Discussion in 'Coin Chat' started by John baker, Aug 23, 2019.
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There are thousands of threads about this topic on CoinTalk. My opinion would be to do a search first.
To me, the term "cleaned" means that you can't sell a coin for what it could have been worth, you can't get a "straight grade" for it from a TPGS and you'll have to lie in order to dump it on someone else.
Calm down there, Chris.
To me, the term wear means that you can't sell a coin for what it could have been worth -- in other words, worn coins trade at a discount to MS coins. Doe that mean "you'll have to lie in order to dump it on someone else"?
To me, the term "cleaned" sometimes means that I can get a coin that's still reasonably appealing, and that I wouldn't otherwise be able to afford. Improper cleaning causes damage, but "damaged" does not mean "destroyed".
I know this is an unpopular opinion, or at least that most people would be embarrassed to state it. But I also know that I'm not the only one who holds it, because even coins that are damaged still sell regularly -- just at a discount.
I say this as someone who's sold damaged coins, always with a clear description of the damage and photos that exaggerate the damage. They still sell.
Some might claim that I'm "taking advantage" of people who don't realize that cleaned coins can't be sold. First of all, "cleaned coins only sell to people who don't realize that cleaned coins don't sell" is clearly a silly argument. Second, when someone tells me that (for example) "I'm finishing a set of holed proof Trade dollars", I'm inclined to assume that they do know what they're doing.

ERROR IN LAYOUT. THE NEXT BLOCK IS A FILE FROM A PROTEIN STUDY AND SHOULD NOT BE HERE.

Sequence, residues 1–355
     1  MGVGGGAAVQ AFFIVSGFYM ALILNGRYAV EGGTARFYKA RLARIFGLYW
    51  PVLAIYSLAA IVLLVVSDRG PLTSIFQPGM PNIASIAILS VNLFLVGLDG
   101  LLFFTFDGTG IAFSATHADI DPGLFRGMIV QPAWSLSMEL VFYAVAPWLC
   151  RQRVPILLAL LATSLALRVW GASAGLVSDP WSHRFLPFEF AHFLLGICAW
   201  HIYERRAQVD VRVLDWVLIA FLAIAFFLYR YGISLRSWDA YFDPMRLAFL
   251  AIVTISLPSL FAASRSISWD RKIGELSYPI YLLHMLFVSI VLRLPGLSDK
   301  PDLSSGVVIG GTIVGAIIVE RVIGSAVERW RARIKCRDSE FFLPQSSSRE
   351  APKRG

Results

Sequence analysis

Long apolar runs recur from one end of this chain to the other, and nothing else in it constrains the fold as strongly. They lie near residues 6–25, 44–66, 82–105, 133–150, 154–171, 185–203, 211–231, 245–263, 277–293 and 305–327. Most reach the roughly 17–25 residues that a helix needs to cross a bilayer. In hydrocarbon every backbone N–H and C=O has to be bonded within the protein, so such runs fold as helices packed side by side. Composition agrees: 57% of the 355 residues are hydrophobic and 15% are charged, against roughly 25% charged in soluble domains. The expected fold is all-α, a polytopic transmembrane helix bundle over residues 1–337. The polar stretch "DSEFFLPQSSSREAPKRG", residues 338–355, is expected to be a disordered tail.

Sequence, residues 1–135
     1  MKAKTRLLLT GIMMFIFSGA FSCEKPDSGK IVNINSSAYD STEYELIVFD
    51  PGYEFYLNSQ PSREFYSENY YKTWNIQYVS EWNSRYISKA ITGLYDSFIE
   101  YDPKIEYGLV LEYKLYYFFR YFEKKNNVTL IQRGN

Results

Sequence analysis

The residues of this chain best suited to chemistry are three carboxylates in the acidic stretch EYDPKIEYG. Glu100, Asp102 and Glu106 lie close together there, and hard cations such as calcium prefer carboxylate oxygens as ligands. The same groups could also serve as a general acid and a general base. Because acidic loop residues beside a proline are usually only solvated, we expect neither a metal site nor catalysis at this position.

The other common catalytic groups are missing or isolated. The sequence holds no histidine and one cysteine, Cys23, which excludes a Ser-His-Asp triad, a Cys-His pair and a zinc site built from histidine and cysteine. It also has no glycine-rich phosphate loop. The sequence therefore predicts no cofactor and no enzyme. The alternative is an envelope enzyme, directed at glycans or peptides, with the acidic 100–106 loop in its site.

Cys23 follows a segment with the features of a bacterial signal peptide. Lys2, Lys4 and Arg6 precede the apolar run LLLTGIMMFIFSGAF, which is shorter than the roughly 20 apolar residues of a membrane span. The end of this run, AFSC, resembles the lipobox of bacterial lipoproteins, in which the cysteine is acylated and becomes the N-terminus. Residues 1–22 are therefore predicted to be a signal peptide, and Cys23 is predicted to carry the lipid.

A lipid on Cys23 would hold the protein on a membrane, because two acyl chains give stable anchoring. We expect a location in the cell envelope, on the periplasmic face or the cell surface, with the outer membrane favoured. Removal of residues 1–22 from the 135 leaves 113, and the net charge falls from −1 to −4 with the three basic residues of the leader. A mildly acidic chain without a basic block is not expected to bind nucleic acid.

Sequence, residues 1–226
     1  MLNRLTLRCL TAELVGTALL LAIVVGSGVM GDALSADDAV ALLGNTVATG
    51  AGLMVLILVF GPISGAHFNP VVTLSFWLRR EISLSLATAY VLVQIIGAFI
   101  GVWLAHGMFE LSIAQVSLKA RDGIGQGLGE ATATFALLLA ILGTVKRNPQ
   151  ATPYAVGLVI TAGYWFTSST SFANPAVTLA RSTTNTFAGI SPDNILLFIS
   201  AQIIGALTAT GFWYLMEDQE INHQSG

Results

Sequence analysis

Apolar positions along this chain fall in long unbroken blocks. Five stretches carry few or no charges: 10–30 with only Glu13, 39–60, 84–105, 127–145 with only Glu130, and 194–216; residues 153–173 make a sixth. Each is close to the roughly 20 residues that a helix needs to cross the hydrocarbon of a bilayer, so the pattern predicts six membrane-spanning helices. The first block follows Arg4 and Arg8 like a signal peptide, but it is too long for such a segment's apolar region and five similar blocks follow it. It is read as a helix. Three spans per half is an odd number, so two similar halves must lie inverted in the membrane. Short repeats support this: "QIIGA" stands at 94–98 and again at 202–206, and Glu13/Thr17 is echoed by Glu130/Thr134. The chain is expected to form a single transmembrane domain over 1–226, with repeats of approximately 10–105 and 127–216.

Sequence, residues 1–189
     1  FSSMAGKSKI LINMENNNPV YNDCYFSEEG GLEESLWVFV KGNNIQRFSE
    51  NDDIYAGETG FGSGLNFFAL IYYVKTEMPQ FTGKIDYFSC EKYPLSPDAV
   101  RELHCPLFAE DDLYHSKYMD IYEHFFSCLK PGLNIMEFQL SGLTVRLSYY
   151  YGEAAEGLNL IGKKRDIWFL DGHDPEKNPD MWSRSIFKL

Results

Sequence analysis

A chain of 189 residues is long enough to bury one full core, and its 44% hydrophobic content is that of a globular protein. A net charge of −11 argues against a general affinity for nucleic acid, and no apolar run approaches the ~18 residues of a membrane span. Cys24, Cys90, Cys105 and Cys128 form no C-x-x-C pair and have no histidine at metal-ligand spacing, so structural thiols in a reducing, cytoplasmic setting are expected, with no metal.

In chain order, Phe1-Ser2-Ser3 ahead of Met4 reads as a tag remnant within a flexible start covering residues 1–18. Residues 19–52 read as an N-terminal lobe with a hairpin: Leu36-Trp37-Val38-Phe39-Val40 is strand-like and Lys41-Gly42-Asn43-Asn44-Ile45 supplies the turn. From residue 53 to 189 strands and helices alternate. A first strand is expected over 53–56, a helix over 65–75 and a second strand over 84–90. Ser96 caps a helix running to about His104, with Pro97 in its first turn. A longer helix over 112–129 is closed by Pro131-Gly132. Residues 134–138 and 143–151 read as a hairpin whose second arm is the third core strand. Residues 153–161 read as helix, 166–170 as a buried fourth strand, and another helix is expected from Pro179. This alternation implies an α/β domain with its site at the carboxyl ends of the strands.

[Insert Can of Worms image here]
I was reading an article on grading bills. It went through various items, and near the end, it mentioned you could put a bill, or bills, in a book, give it some time, and it would restore it.
Then went on a rant about this being something only a dishonest person would do.
If you cannot tell the difference, how is it bad?
Same with coins. TPG's are doing conservation now. Fancy word for cleaning.
If its not harsh, unnatural or obvious, whats wrong with that?
If it's not harsh, unnatural or obvious, then it should probably be filed under the heading of "conservation." And there's nothing wrong with that.
It's very simple. To me it means that something was removed from the coin without doing any harm whatsoever to the coin.
But if you had asked a different question, such as - what does the term harshly cleaned mean to you when it comes to coins ? - I'd have a very different answer. Then, my answer would be that something was removed from the coin but did do harm to the coin.
There is however a problem that arises with this seemingly basic question. And that is that far, far, too many people think the terms cleaned and harshly cleaned mean the exact same thing. And what's even worse is that they use the two very different terms in that way.
Separate names with a comma.